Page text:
Improving what it calls its “Sports Heritage” motorcycle, Yamaha has released the 2022 Yamaha XSR900, a throwback to the Iwata firm’s racing machines of the 1980s. Decked out in a paint scheme reminiscent of Christian Sarron’s Yamaha YZR-500 in Gauloises Blondes racing livery, the 2022 XSR900 comes with an all-new Yamaha Deltabox frame.

Formed from aluminium, the new frame on the XSR900 is compact and lighter compared to previous with a corresponding increase in longitudinal, lateral and torsional rigidity. The headstock is now 30 mm lower than the previous generation XSR900, increasing feel while cornering while providing a more aggressive riding stance.

Wheelbase is now 1,495 mm longer, an increase of 55 mm, to enhance straight line stability. Done by lengthening the swingarm, Yamaha says the XSR900 now has a sporty and responsive character which is shown in the 14% decrease in rotational inertia around the steering axis.

Bodywork has been updated, the 2022 XSR900 coming with a new tank that has styling cues coming straight out of the 1980s. Containing 15-liters, the fuel tank with look alike race filler cap features cutouts for the rider’s knees and extends a little further back, placing the rider more over the rear wheel.

The braking system has also been upgraded, with a Brembo radial brake master cylinder with adjustable lever activating twin four-piston radial-mount callipers on 298 mm brake discs with ABS as standard. Meanwhile, suspension at the front end is now fully-adjustable KYB gold anodised forks while the adjustable rear monoshock, also from KYB, is tucked away to give the XSR900 a clean appearance at the back end.

Wheels on the XSR900 are 700 grams lighter than before, giving a reduction in unsprung weight allowing for a more responsive suspension. This also has the benefit of decreasing the moment of inertia at the rear of the XSR900 by 11%, increasing response during cornering and braking.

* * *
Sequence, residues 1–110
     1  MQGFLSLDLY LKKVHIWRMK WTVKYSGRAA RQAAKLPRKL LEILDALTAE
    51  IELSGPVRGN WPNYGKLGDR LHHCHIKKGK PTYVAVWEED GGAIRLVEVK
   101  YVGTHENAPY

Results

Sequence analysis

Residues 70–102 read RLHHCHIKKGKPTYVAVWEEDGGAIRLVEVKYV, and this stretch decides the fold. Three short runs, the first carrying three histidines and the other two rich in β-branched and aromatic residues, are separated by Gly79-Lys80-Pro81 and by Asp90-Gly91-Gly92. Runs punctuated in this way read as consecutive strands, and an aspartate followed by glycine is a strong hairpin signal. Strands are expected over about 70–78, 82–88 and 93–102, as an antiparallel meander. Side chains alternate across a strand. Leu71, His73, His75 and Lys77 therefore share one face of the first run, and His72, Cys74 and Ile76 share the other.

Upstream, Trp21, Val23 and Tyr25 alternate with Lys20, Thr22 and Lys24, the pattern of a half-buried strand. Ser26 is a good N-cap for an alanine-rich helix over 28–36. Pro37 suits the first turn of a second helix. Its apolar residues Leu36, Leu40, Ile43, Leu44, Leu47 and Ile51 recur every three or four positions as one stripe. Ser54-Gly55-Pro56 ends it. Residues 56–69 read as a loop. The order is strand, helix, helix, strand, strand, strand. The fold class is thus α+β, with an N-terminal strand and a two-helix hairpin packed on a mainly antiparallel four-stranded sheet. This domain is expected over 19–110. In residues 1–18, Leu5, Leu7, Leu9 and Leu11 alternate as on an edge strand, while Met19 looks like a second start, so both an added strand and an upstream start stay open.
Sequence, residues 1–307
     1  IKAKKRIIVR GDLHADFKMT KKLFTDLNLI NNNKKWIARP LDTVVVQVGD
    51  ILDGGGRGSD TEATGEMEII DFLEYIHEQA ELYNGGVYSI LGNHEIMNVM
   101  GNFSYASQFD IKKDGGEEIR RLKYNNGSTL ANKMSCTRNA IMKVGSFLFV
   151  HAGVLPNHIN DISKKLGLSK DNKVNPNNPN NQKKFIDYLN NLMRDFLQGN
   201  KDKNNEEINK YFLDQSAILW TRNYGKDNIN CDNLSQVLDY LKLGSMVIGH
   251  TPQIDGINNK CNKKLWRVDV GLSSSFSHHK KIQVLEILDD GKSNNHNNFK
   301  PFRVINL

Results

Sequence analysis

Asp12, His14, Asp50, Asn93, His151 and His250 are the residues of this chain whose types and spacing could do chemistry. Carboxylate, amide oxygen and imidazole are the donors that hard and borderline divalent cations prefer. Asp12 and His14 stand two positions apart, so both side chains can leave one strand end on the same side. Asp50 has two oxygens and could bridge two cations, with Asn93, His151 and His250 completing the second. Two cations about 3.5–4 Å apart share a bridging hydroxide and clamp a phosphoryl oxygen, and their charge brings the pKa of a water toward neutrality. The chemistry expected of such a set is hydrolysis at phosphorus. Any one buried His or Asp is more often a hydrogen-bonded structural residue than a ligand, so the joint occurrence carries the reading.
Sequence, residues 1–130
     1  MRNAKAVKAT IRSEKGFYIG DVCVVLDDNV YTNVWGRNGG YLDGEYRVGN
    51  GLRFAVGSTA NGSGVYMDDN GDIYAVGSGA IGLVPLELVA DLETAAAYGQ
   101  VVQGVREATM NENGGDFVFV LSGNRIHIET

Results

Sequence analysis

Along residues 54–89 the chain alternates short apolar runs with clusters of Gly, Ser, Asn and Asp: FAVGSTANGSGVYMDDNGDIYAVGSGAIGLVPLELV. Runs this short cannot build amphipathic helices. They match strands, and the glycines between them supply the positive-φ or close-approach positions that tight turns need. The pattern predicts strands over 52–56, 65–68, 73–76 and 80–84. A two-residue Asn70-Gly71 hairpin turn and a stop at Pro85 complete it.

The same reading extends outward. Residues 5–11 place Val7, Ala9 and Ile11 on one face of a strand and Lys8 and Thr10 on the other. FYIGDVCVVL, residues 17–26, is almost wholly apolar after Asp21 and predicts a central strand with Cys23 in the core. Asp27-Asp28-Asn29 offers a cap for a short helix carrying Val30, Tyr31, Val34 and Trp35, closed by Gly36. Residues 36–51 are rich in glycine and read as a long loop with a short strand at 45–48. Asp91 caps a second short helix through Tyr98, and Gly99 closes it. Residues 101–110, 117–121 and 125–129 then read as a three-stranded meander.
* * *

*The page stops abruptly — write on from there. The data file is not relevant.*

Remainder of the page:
In the engine room, the XSR900 comes with the Euro 5 compliant Yamaha Crossplane 3, displacing 889 cc, equipped with ride-by-wire throttle similar to the unit used on the Yamaha R1. The six-speed gearbox is equipped with a quickshifter and assist and slipper clutch, while cruise control is standard equipment.

Inside the cockpit, a 3.5-inch TFT-LCD display replaces the previous model’s round LCD display and there are four ride modes available from 1 being the most aggressive while the succeeding modes deliver progressively softer power delivery. A six-axis inertial measurement unit provides lean angle sensitive traction control with three levels of adjustment, along with slide control and wheelie control.

LED lighting is used throughout, though the round single headlight is retained while the LED tail light is tucked away under the seat, cleaning up the rear end of the XSR900. For Europe, the 2022 Yamaha XSR900 will come in two colour options – Legend Blue in cyan and yellow, featuring gold-anodised forks and gold painted wheels, and Midnight Black with red highlights, black forks and black hand controls.